The experience of having Covid is, by now, well documented. You spend seven to ten days in your room or house feeling sick and feeling sorry for yourself. The outside world becomes a distant dream, and one of the few pleasures of spending twenty-four hours a day in bed is the time to read.
This winter, Omicron’s bell rang for me – as it seemed to do for half the world’s population. I was very lucky with the virus: after two days of incredible complaints and texting everyone I knew to tell them that I was either like Beth in Little woman or a feverish Marianne in Sense and sensitivity, I recovered from my gothic heroine swoon and started browsing through novels.
Initially, there were endless articles and tweets about what to read in times of a pandemic. Alongside the many-it’s-the-time-to-read-War and peace tweets, an interest in “plague literature” has blossomed. by Daniel Defoe A Diary of the Plague Year (1722) was a highly touted option, while publishers rushed to reprint by Albert Camus Plague (1947) following a dramatic increase in sales. It does not matter whether Defoe’s plague is significantly more dramatic and virulent than ours, or that of Camus plague is as much an allegory of French resistance during WWII as it is a disease – we all wanted to read something that was relevant to our current situation.
But as we navigate the third year of the virus, we no longer need to search for past pandemics or fictional metaphors. This winter, a small handful of coronavirus books have been published.
At Sarah Hall burnt coat was on the shelves in November alongside Gary Shteyngart Our friends in the country, while Sarah Moss The fell was released in the UK in the fall but will be released in the US in March.
The fell is a story of pandemic angst. This dates back to a time when having coffee on a walk seemed illegal because it implied that the excursion was no longer purely exercise, or when people left their GPS watches at home when they left for the second time in the day lest some government body might follow them. The virus is not an allegory like in Camus Plague. There’s no dystopia and no liberation – only the poignant sense that a Covid-stricken globe needs no additional fiction to make it so unnerving.
He is burnt coat this is the particularity of these pandemic novels. Sarah Hall mixes descriptions of a disease far worse than our current disease with the figure of a Barbara Hepworth-esque sculptor and her dramatic life to create a novel that is about more than a virus or a moment in life. ‘story.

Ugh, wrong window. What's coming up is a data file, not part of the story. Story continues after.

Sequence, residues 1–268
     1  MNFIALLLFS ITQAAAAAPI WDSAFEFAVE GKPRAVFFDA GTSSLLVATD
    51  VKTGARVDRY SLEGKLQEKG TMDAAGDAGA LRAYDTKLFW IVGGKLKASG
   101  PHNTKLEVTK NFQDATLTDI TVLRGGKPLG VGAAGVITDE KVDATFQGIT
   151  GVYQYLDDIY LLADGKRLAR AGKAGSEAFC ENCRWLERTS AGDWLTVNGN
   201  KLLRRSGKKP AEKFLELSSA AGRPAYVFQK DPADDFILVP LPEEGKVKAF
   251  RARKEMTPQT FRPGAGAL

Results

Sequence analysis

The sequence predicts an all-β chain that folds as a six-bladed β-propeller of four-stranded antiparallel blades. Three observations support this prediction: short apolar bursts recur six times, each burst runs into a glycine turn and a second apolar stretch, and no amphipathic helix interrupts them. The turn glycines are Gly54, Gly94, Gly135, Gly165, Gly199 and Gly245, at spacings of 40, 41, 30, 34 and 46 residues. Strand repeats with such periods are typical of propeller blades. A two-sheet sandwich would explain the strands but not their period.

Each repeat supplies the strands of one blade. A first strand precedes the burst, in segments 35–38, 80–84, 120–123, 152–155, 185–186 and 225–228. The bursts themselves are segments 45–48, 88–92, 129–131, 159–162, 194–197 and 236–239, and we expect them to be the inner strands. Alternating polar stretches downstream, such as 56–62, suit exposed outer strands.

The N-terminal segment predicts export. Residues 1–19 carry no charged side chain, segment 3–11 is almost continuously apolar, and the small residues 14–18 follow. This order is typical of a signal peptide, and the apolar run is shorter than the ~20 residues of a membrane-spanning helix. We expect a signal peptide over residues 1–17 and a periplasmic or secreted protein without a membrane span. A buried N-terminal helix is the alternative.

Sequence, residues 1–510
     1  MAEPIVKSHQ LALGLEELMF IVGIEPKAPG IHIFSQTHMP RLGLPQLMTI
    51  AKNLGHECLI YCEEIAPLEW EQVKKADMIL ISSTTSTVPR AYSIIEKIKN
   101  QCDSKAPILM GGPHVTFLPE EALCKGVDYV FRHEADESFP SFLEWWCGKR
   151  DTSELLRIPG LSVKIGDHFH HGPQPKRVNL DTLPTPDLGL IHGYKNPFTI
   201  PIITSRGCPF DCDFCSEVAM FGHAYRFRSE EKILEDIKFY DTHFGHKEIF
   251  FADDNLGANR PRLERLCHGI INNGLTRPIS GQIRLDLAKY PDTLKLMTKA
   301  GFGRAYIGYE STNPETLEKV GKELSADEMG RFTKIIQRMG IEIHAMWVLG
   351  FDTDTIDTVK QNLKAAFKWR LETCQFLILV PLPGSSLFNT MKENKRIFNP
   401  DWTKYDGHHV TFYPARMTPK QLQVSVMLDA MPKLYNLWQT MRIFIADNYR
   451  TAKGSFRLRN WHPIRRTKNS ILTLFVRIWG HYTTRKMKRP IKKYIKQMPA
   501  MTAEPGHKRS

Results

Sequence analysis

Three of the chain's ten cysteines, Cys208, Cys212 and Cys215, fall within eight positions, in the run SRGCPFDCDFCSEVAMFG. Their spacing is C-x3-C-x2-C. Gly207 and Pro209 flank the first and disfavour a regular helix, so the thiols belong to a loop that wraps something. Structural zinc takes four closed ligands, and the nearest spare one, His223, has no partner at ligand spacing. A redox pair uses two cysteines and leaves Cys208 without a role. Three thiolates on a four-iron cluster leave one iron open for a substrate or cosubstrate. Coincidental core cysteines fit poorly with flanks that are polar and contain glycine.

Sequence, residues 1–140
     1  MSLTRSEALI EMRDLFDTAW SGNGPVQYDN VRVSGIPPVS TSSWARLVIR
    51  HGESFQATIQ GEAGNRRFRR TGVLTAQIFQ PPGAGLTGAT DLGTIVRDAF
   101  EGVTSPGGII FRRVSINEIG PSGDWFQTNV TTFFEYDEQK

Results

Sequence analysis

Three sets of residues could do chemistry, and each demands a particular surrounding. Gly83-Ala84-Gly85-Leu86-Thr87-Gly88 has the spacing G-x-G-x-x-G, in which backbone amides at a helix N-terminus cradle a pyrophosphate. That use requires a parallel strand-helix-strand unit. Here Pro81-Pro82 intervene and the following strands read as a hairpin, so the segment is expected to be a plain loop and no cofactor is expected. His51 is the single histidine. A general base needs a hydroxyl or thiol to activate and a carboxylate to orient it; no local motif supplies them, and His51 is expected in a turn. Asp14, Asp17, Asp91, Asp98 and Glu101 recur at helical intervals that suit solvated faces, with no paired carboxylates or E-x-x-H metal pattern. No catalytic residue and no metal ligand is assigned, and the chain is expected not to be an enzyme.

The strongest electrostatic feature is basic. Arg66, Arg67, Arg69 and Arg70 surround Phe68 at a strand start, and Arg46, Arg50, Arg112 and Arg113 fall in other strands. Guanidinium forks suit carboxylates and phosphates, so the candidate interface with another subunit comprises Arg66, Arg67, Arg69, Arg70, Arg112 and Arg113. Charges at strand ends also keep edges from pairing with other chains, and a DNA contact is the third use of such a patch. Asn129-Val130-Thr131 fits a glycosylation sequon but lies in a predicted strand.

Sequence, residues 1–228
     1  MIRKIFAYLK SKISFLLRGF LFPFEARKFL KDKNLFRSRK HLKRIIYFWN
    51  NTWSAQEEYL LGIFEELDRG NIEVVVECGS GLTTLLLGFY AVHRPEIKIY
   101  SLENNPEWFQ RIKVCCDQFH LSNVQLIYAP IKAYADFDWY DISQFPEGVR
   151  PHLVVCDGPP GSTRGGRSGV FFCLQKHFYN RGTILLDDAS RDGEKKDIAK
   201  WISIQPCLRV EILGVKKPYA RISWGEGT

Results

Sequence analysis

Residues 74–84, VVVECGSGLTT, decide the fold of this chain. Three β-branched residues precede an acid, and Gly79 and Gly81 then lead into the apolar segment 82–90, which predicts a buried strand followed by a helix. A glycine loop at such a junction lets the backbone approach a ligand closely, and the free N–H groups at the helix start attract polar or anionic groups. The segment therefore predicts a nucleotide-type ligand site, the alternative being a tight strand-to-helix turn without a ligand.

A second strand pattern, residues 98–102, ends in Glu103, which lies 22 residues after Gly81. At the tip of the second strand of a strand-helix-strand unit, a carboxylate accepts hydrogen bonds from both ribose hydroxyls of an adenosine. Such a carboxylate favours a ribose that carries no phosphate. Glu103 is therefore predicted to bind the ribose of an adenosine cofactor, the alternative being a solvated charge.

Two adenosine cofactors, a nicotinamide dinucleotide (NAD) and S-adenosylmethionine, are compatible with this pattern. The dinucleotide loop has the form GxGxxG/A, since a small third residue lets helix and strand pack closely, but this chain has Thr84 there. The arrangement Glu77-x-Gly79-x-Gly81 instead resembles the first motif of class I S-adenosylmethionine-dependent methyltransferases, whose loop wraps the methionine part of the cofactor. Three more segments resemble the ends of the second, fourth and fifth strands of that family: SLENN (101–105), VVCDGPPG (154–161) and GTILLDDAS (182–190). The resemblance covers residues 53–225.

burnt coat Edith Harkness, an elderly artist living in Scotland, is living her final days as she relapses into the illness she caught years earlier in the pandemic. As she reminisces about her life – art school, her mother, her lover Halit – illness, death and creation become intimately linked. Hall does not back down from the realities of a virus, but hesitates to make the pandemic too immediately recognizable or relatable. The novel exists in strangeness: it is neither faithful representation nor pure allegory. It’s haunting, emotional and, at times, downright eviscerating.
But one of the greatest ironies of “pandemic literature” (and articles like this) is that when you’re really sick, reading about illnesses and diseases is unlikely to make you feel better. Reading about a pandemic that has a much higher death rate than ours is also not likely to calm you down.
And so, for the past few weeks, I’ve become almost obsessed with Jean Rhys novels. Most famous for Wide Sargasso Sea (1966) – the famous story of Mr. Rochester’s first wife in Jane Eyre (1847) – Rhys also wrote a host of novels about depressed, alcoholic and melancholic women living in Paris and London (either the aptly named Worlds’ End or Bloomsbury).
These women are not living in the middle of a pandemic and they are free to leave their rooms as often as they wish. If they’re sober enough to get out of bed, of course. But despite these differences in situation, their situation is remarkably similar.
Take this description of After leaving Mr. Mackenzie“Julia wasn’t entirely unhappy. Locked in her room — especially when she was locked in her room — she felt safe. She was reading most of the time. Julia spends most of the novel feeling ” not quite unhappy” but rather depressed in different rented rooms living off money from men she’s slept with in the past, and a similar plot description could be used for Quartet, A trip in the dark, and Hello, midnight.
Now call me a pessimist, but I think there’s something deeply optimistic about the fact that – whether it’s pandemics, love feuds, or lack of money – authors have always found reasons to confine their characters to limited spaces and make them miserable. within sight of the same four walls and the ceiling.
There are always been brilliant books confined to small spaces and situations. If the latest wave of the pandemic has left you isolated indoors, don’t read the coronavirus literature – I can suggest many other books to get depressed about.